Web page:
Bananas with edible skin created by Japanese farm

The farm has developed a version of the fruit that allows you to eat the whole thing

An image of Mongee bananas. Photograph: D&T Farm

An image of Mongee bananas. Photograph: D&T Farm

 

First there were avocados with no stones; now we have bananas with edible skin.

A Japanese farm has used what it calls the “freeze-thaw awakening method” to grow bananas that have a softer, digestible peel.

The farm, D&T Farm, said this involved slowly cooling the banana growth cells to -60 degrees Celsius before thawing them.

“It was created following research conducted by Setsuzo Tanaka, who worked on this for a long time as a hobby,” a spokesman for the farm said in an email.

“The motivation for its development was the fact he wanted to eat a banana that was delicious and safe: people can eat the peel because it is cultivated organically without chemicals.”

The result is the fruit known as Mongee bananas, which roughly translates as “Incredible bananas”. They went on sale last year in a department store in Okayama, which sits roughly halfway between Kyoto and Hiroshima.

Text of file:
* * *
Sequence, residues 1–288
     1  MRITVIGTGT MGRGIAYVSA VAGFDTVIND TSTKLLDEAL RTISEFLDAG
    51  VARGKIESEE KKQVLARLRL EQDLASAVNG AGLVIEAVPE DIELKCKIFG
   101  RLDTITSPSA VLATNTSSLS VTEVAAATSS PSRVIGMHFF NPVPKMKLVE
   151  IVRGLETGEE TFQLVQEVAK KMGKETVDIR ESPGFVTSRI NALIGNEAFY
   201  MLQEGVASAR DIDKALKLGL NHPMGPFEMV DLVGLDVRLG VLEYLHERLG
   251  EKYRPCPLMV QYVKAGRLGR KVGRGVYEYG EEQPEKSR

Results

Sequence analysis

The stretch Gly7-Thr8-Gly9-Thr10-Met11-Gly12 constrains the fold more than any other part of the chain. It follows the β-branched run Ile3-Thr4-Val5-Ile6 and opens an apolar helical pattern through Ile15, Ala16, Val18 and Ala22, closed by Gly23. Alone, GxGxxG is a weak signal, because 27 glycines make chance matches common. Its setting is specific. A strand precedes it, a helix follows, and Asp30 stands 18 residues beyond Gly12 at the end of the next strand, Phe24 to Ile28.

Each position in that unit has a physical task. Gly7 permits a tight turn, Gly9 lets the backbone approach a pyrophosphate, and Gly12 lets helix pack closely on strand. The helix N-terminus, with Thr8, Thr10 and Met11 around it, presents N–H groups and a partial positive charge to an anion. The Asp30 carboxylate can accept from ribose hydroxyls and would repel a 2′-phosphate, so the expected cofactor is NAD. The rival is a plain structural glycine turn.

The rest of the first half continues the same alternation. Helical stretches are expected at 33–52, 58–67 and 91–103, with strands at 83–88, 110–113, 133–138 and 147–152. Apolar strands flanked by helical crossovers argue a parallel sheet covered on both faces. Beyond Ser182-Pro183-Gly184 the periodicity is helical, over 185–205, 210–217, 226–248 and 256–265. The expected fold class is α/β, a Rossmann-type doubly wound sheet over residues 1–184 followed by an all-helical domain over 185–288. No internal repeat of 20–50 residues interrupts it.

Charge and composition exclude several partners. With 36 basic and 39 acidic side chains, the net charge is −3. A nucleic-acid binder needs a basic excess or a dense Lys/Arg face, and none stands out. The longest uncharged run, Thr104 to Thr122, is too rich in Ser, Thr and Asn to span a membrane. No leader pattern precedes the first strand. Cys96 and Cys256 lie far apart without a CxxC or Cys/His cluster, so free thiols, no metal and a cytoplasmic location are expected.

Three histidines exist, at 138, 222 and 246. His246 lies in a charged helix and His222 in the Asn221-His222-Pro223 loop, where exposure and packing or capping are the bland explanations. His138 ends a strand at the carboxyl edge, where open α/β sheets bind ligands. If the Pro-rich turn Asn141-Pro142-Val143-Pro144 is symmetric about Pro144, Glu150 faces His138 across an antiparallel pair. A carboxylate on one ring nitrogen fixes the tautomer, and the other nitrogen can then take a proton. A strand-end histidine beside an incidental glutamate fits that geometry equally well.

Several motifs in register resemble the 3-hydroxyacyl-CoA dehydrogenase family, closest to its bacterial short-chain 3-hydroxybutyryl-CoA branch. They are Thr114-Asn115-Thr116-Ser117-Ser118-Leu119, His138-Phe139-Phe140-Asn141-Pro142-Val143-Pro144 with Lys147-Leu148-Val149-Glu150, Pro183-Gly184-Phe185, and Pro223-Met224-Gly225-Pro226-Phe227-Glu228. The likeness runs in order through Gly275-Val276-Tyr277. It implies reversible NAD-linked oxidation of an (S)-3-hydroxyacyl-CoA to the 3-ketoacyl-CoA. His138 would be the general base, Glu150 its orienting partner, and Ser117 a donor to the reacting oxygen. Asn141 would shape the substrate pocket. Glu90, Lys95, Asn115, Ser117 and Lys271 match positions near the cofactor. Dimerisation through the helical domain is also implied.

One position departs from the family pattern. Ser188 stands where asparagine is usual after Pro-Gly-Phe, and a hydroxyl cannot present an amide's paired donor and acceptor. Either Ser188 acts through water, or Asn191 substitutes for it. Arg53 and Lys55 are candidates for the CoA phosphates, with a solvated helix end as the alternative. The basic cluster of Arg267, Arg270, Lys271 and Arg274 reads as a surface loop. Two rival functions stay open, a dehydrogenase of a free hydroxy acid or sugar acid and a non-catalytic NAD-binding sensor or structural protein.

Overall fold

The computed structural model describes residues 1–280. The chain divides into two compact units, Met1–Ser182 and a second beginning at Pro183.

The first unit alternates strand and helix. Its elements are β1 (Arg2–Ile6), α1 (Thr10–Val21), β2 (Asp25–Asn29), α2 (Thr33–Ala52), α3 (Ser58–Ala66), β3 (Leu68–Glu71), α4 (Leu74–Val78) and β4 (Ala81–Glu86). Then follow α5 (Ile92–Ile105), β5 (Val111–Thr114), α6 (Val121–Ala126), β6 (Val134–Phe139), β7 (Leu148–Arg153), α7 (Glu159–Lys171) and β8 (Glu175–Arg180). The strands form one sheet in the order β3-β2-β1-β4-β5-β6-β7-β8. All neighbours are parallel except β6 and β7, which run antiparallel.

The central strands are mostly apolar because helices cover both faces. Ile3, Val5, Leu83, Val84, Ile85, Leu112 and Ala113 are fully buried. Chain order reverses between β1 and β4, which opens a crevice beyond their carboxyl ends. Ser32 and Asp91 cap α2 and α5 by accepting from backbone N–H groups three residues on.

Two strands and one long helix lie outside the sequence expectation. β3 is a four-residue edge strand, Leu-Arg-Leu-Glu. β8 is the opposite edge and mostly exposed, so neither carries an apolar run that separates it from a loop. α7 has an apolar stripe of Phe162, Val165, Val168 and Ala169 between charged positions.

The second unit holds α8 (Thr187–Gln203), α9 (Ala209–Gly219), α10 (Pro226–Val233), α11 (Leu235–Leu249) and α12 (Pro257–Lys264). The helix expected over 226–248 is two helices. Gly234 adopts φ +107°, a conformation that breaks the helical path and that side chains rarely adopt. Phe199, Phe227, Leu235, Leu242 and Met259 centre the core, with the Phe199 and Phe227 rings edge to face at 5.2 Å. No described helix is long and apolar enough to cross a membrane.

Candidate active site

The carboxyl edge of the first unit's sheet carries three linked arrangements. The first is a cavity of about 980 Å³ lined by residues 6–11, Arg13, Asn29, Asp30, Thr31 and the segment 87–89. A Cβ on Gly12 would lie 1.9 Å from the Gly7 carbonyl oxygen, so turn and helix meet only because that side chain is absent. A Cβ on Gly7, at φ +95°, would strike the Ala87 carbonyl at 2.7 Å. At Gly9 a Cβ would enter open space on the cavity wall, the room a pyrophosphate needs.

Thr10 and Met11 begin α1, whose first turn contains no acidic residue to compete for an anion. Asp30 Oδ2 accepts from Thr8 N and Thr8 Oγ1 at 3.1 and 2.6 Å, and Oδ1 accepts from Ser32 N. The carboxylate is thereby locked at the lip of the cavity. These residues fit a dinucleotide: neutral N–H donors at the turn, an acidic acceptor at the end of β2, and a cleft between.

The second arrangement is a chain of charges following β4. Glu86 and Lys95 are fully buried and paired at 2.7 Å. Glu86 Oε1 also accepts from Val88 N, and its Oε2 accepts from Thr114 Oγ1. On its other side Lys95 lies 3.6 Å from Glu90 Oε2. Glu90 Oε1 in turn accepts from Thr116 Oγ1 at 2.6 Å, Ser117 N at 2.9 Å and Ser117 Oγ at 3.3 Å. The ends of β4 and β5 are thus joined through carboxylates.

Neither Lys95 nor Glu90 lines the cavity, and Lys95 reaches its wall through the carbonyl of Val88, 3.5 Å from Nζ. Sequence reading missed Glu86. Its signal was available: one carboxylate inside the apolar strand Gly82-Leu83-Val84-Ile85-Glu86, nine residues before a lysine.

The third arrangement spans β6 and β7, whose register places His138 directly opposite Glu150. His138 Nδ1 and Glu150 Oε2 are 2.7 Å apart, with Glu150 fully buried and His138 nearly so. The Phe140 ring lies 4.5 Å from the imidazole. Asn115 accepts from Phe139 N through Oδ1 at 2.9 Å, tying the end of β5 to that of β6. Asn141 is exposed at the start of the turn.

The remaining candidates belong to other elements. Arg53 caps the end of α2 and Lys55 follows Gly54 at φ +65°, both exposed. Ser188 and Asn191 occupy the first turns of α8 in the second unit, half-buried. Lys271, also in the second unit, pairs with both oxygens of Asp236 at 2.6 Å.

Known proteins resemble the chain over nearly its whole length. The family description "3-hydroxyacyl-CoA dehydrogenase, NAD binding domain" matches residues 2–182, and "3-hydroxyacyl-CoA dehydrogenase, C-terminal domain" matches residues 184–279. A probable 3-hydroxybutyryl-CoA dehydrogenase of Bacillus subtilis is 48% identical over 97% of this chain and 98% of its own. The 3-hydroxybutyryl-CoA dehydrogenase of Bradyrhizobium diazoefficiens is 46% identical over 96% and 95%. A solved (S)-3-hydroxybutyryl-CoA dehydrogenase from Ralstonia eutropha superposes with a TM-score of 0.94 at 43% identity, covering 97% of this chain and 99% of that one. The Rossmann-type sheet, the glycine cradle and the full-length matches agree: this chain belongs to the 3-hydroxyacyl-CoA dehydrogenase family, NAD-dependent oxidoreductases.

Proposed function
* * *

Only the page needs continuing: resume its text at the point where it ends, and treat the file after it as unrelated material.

Buyers are urged to wait for little brown spots to appear on the skin as a sign that the banana is ready to be eaten – in its entirety, of course.

SoraNews24, a Japanese website that taste-tested the fruit, reported that the skin was relatively thin compared with a regular banana and was therefore “fairly easy to eat”.

“Since it’s very thin, there’s no strange texture, and compared to the sweetness of the banana there isn’t much flavour to the skin,” the site reported. The reviewers said the flesh had a strong tropical flavour and was almost pineapple-like.

The banana has been produced only in small batches so far, so customers face a steep bill to save themselves the bother of peeling their bananas: it is currently priced at 648 yen (about €5) per piece.

The spokesman said the farm was planning to produce 10 times as many bananas this year. It was currently cultivating bananas only in Japan, but was considering exporting overseas in the future, he said. – Guardian service